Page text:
Tag Archives: preparedness

Hand Stitching Preparedness {Tip}

Recently I’ve been doing a lot of hand stitching, between finishing the piecing of my English Paper Pieced table runner, and stitching the pieced Lucy Boston blocks down to the border fabric to complete my table runner quilt top. During the past weeks, I learned two tricks that have helped streamline the process, and I’d like to share them with you today. I’ll call it “hand stitching preparedness” since it seems pretty logical, even if both tips were revelations to me.

hand stitching preparednessThe first tip came in the form of an Instagram post by Carole Lyles Shaw (@carole_lylesshaw), a simple photo of a few pre-threaded and knotted needles stuck into the arm of the couch to help streamline her binding while watching a game on TV.  I saw this and a lightbulb went off in my brain: duh!!

Before sitting down with your hand stitching, whether it be EPP, hand applique, or quilt binding, pre-thread and knot a few needles and have them ready and waiting within reach.

You can keep them in a pincushion nearby (photo above)…

pre threaded and knotted needles on a needle minder
The adorable needle minder was made by @whatthebobbin on Instagram.

or you can keep them on a needle minder on your actual work…

pre threaded and knotted needles in the couch armor you can just stick them into the arm of the couch right next to you.

hand stitching with napping baby in lapThis tip came in particularly handy since I was doing my hand stitching with my sleeping baby in my lap and my scissors, thread, and other sewing tools way up high on top of the bookcase, out of reach of my curious and busy 3 year old. Talk about a game changer! I was able to finish stitching down the blocks without waking my babe or having to juggle a sleeping baby, scissors, and sewing needles to cut new threads as I progressed.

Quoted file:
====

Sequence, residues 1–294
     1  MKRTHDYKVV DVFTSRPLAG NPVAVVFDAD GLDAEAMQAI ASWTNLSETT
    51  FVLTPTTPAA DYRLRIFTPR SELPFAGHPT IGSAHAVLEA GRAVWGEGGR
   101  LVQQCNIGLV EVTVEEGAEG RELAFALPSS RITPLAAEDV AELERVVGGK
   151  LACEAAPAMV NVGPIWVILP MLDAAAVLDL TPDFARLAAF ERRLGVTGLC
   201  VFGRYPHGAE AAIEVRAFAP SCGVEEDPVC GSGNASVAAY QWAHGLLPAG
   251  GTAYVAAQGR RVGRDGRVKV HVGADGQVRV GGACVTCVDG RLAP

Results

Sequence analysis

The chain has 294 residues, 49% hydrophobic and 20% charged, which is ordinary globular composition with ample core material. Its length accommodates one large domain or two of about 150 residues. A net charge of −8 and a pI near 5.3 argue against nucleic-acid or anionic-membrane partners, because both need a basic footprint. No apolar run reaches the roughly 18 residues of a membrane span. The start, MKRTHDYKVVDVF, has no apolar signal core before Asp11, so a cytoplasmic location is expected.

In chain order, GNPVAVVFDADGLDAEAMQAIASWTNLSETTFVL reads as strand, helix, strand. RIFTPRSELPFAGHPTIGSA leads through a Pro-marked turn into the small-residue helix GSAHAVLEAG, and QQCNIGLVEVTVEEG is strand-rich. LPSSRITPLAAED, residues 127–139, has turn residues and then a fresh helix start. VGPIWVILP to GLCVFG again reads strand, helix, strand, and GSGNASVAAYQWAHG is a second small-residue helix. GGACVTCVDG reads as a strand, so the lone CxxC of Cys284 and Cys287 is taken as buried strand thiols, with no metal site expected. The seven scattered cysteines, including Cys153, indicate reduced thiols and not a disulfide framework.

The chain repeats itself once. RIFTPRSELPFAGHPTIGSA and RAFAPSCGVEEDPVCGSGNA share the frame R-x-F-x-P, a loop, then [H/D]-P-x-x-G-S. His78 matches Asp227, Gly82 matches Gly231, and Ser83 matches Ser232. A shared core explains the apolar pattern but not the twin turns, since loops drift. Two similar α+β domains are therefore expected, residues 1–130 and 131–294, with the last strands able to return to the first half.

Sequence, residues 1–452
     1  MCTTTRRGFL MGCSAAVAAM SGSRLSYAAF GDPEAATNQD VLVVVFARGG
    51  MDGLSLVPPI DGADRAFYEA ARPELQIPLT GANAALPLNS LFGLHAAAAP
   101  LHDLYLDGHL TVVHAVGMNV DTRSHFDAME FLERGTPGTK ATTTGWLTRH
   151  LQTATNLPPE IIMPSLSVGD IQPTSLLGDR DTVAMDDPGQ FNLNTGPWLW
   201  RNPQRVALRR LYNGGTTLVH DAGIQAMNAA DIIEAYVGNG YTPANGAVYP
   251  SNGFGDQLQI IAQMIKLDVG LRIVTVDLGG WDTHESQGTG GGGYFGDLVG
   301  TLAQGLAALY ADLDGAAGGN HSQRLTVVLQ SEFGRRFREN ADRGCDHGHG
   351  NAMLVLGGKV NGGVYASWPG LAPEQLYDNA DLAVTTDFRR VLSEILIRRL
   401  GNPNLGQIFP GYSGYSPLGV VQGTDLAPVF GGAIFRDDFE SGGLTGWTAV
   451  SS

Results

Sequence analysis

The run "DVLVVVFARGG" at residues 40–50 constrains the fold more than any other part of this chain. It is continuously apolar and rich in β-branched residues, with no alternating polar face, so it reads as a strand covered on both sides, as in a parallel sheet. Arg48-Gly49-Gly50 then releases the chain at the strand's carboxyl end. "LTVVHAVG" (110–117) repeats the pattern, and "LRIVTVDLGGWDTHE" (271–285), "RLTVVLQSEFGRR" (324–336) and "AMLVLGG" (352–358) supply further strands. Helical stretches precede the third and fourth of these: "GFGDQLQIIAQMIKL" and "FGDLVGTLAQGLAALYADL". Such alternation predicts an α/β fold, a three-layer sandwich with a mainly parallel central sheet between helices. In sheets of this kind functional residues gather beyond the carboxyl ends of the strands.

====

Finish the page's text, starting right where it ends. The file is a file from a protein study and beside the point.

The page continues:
cutting threads in advance
Stunning needlebook made by @mara_makes… isn’t that thread holder awesome!?

One additional bit of advice I’ll add to this tip is to lay your threads out neatly and separately when cutting them to pre-thread your needles. If you cut them and lay them on top of each other, they *may* make a tangled mess before you can thread the needles successfully.

tangled mess of threadsAsk me how I know this 😉

And finally, learning how to tie a quilter’s knot has saved me a lot of time with my recent hand stitching. That’s one of the downfalls of being a primarily self-taught sewist: you miss the simple basic tricks that well versed quilters take for granted. My friend Stephanie at Late Night Quilter posted this video tutorial a couple weeks ago, and I’ve made dozens of quilter’s knots since.

Happy stitching!

I’m linking up with Tips & Tutorials Tuesday over at Late Night Quilter.